“Thanks to my experience with the Echo, I developed the confidence and self-belief to create a blog and website www.frazzledmammy.com based on those family stories.

“I still write the occasional ‘Frazzled Mammy’ article for the Echo about the trials and tribulations of motherhood, this time with teenagers. And I get the same thrill from seeing my work in print — like the one I did on the left for the Echo’s anniversary — as I did, with boisterous small kids by the kitchen table back in the day!

PRIZE POSSESSION: The edition of December 30, 1970, that was cherished by Essie Farr, whose story appeared in it
PRIZE POSSESSION: The edition of December 30, 1970, that was cherished by Essie Farr, whose story appeared in it

BACK in 1970, one Evening Echo reader was so delighted to have her story published in it, she waived the fee due to her!

Essie Farr penned the work of fiction about buying a table whose knob kept falling off and her neice Eithne Farr, of Passage West, shared her story with us.

“My aunt, Essie Farr, had a story published in the Evening Echo of Wednesday, December 30, 1970, called The Knob,” explained Eithne. “She owned a newsagents, so had more than one copy.

IN PRINT: Essie Farr's story
IN PRINT: Essie Farr's story

“She passed away many years ago but her brother, my uncle, kept them. When he passed away in 2010 I was tasked with clearing out his house. I came across them and held on to them. She was so proud of the story (pictured right), she even kept the cheque she received for writing it!

The edition that day, costing sixpence, splashed on a story about General Franco deciding on whether to execute six Basque nationalist guerrillas, and also reported that the new Parnell Bridge in Cork city now completely spanned the Lee — it opened the following year.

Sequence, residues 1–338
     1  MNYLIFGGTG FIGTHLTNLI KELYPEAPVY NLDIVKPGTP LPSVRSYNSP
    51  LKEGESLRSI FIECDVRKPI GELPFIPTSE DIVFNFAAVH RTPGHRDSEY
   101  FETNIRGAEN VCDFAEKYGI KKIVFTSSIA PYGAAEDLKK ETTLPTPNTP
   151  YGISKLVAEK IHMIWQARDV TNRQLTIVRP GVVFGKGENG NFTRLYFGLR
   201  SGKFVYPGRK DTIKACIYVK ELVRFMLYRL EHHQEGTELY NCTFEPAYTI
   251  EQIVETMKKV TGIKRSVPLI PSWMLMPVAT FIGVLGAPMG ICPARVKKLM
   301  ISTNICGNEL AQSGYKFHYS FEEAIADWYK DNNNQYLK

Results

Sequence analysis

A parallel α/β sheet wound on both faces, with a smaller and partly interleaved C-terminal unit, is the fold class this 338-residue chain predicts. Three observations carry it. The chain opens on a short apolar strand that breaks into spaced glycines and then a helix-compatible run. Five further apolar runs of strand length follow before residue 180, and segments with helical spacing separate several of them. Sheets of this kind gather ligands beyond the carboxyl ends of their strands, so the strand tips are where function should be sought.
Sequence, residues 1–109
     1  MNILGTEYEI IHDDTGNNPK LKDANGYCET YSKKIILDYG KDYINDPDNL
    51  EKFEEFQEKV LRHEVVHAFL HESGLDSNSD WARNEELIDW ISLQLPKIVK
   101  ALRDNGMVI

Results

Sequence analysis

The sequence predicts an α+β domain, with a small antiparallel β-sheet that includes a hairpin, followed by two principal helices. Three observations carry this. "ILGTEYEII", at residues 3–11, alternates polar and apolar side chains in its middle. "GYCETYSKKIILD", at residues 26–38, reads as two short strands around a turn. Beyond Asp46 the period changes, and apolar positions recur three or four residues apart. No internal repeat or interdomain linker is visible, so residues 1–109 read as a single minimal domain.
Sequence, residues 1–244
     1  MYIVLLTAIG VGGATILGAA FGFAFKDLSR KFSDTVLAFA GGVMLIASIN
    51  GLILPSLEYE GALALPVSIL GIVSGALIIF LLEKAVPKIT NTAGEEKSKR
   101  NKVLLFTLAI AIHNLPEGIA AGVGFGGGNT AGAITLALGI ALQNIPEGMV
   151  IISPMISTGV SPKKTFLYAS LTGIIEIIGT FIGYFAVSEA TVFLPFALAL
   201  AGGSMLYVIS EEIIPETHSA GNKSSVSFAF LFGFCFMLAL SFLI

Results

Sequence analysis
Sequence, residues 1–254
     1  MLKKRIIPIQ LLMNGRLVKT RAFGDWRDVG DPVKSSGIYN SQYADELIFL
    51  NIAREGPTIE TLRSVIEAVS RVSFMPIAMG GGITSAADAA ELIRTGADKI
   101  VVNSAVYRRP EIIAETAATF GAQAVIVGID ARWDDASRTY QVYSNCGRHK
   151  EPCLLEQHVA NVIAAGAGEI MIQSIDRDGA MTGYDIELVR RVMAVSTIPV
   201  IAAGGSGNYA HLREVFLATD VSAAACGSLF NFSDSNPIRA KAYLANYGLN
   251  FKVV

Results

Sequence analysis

Another reader with a fond memory of the Echo was Liam Cleary, of Earlwood Estate, The Lough.

He said: “I have the Evening Echo from Wednesday, February 29, 1984, in my possession.

“The reason for this is because I donated a cup to be competed annually in a debate between the girls of St Aloysius and the boys of North Monastery — my alma mater.

“I am on the front page, presenting the Cleary Perpetual Cup to Mary O’Sullivan, Catherine Rice and Linda Moloney of St Al’s, who were the winners of the competition.”

The splash that Leap Year day was an article by Maurice Gubbins, the present editor, on s plan by the Lord Mayor of Cork to provide jobs for construction workers.

WHEN any member of a family has a significant birthday, it’s only right that people are invited to join in the celebrations and pay fitting tribute.

So it has proved with the 125th anniversary of the Cork Evening Echo, which falls tomorrow.

All this week, we are celebrating the achievement, and when we asked our army of readers to share their favourite Evening Echo story with us, you responded in kind.

On these pages are a few of your responses, and we will publish more of them later in the week.

The Evening Echo prides itself on being a family newspaper, and for one Cork mum-to-be, her memory related to a new arrival in her own household.

Kathleen Healy, from Tower, Co Cork, revealed why she had kept her treasured copy of the Evening Echo from Thursday, November 30, 1989.